October 26, 2016
We have been arguing for some time that the biggest single threat to western liberal democracy does not stem from Donald Trump or Marine Le Pen but from our own tendency to double down on the very measures that have given rise to a broad-based insurrection against the system. It is happening again in the Ceta debate.
One of the top German constitutional lawyers, Franz Mayer, who represents the German government in the Karlsruhe case against Ceta, has come up with a beguilingly simple way to circumvent the EU's Wallonia problem. He writes in Verfassungsblog that it would be no problem for this trade treaty to be signed by the EU, Canada, and 27 out of 28 member states. All you need to do is to cross out the words "Kingdom of Belgium" from the Treaty, he writes, and voilà: problem solved. We never cease to be amazed at what the world looks like from the eyes of a German constitutional lawyer. But if Wallonia continues to block this, we would be fairly certain that an increasingly desperate European Council would at the very least consider this option, if only to pressure the Wallonians into submission.
There is one issue on which we agree with Mayer - which is that one option is impossible - the one proposed yesterday by Guy Verhofstadt: turn the clock back and make Ceta an EU treaty only, thus bypassing the need for national ratification. The trouble is that Ceta goes well beyond the competences of the EU. The protests against Ceta have very little to do with trade, but are focused on the investor-state dispute settlement (ISDS) procedure, which essentially means that large multinational corporations can operate outside the national legal systems.
We noted a couple of German commentators following Mayer's argument about Ceta ratification without Belgium. The best-argued article is by Helene Brubowski in FAZ, who argues that the EU parts of the treaty - relating to trade - could apply to all, while the national parts would apply only in member states that signed the treaty. She writes this might be only proposed as a final desperate measure if Wallonia continues to block. But she acknowledges that there are big technical problems, and it would be a political provocation. In the long run, the only solution is for the EU to stick to EU-only business, and avoid mixed treaties.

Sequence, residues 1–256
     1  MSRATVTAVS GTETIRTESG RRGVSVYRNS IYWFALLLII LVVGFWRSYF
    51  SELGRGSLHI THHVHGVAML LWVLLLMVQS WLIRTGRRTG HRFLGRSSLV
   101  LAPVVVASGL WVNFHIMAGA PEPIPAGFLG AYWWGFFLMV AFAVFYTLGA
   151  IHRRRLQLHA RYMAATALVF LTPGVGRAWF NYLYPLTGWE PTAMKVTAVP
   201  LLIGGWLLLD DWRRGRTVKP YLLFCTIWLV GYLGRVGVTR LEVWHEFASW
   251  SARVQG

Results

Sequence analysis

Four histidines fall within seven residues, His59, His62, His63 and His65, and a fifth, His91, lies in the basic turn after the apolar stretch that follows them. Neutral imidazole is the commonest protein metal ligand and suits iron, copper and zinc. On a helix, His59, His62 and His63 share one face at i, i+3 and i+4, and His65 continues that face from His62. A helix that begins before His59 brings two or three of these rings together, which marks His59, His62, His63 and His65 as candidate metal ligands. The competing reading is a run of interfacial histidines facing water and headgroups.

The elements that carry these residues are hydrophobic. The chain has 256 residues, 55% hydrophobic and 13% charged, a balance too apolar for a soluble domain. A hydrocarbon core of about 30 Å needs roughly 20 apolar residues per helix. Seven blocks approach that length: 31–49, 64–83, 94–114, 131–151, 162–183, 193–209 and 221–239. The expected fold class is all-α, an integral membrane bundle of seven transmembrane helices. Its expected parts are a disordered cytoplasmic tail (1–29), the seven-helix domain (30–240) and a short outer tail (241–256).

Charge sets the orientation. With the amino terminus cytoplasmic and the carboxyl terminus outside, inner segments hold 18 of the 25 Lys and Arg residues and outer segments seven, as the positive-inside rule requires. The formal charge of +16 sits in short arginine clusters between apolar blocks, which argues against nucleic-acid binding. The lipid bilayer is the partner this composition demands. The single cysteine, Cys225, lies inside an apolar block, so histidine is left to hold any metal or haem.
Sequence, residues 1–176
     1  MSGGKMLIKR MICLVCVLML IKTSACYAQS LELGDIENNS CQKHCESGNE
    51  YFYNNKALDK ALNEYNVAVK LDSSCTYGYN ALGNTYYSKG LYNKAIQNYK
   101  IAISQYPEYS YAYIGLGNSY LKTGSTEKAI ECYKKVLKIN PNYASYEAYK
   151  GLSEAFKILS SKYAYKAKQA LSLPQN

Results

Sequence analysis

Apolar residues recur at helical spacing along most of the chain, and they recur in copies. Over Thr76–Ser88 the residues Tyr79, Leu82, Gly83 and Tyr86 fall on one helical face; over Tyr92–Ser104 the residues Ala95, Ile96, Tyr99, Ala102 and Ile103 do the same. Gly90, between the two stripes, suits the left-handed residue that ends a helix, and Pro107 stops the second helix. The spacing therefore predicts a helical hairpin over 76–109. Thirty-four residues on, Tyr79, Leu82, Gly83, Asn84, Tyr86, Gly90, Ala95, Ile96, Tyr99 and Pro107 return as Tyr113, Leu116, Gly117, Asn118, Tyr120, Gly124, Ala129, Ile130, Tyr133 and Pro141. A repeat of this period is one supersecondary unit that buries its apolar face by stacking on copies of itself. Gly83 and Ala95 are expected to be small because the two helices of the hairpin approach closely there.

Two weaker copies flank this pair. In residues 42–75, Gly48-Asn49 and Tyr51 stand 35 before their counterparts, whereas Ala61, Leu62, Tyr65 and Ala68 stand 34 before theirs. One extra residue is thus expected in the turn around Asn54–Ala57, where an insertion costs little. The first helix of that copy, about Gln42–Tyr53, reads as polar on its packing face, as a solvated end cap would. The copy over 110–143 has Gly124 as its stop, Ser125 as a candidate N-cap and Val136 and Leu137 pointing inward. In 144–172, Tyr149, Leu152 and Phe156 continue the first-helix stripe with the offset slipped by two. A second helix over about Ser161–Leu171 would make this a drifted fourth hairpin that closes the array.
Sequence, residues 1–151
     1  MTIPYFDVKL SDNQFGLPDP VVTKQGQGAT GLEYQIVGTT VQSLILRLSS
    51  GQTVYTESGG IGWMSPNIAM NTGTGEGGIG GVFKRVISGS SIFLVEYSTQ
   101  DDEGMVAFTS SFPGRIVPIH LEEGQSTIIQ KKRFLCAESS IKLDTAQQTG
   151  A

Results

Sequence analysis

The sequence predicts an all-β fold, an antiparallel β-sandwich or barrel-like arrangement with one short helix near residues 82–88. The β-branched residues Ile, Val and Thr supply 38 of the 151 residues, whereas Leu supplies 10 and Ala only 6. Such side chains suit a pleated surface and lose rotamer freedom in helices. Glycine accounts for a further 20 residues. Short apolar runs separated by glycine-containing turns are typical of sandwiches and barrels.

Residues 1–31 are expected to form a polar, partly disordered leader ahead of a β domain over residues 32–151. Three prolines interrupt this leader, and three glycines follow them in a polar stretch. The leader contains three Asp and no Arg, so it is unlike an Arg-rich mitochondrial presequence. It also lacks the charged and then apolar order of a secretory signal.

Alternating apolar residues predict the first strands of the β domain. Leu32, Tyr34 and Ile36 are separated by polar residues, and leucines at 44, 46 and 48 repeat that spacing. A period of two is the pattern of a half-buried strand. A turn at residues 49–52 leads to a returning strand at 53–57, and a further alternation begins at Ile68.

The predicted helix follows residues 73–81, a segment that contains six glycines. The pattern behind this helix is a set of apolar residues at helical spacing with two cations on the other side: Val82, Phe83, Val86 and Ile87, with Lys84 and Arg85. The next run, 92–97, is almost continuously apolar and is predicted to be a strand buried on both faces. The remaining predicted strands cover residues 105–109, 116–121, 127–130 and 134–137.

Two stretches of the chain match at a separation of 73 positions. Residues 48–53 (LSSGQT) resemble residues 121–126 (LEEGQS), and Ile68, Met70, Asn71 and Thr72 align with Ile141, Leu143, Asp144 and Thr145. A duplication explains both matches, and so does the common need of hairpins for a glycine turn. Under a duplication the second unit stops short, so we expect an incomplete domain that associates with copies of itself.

In this context we noted a story from Australia according which the government there wants to press ahead with its FTA with the EU, but is now considering a narrower agreement to avoid the same problems.
We would assume that the ECJ would strike down any attempt to ratify a mixed treaty without the consent of all member states, because it would reduce the entire voting procedure to absurdity. If Mayer's solution were possible, than the EU and, say, Germany would be able to do a bilateral trade deal with a third country - a deal that would indirectly affect all the other countries since they are tied to Germany through a customs union and a single market. Did the EU not take the position post-Brexit that it was impossible for a member state to negotiate third-country trade deals while still a member?
On the political side, there were no developments yesterday. An intra-Belgian meeting between the regional and central governments took place, but reached no agreement. Paul Magnette, the prime minister of Wallonia, said he had been given three deadlines. If there is another one, he will stop talking.
In his latest FT column, Wolfgang Munchau points out that there are no good solutions to this dispute. He says it is now becoming increasingly evident that the EU requires a federal government not as a utopian future dream, but in order to do its basic business, such as running the eurozone or trade policy. He predicts that the EU will eventually take the path to further integration, but this will be preceded by a phase of disintegration, of which Brexit was only the first step.
Martin Wolf makes an important broader point. Protectionism may be popular, but "cannot solve the problems of distressed former and would-be workers". We are moving into a phase where global trade growth no longer exceeds global output growth, and one where the leadership on trade liberalisation will come from outside the US and Europe.
We also have stories on the Commission proposal to harmonise the corporate tax base; on how QE distorts the repo markets; on a difficult day for Tsipras; on the deteriorating financial situation of Greek pension funds; on Renzi's threat to veto the 2017 EU budget; on the politics of a hard Brexit, and on the astonishing fall of Hollande's approval rating to just 4%.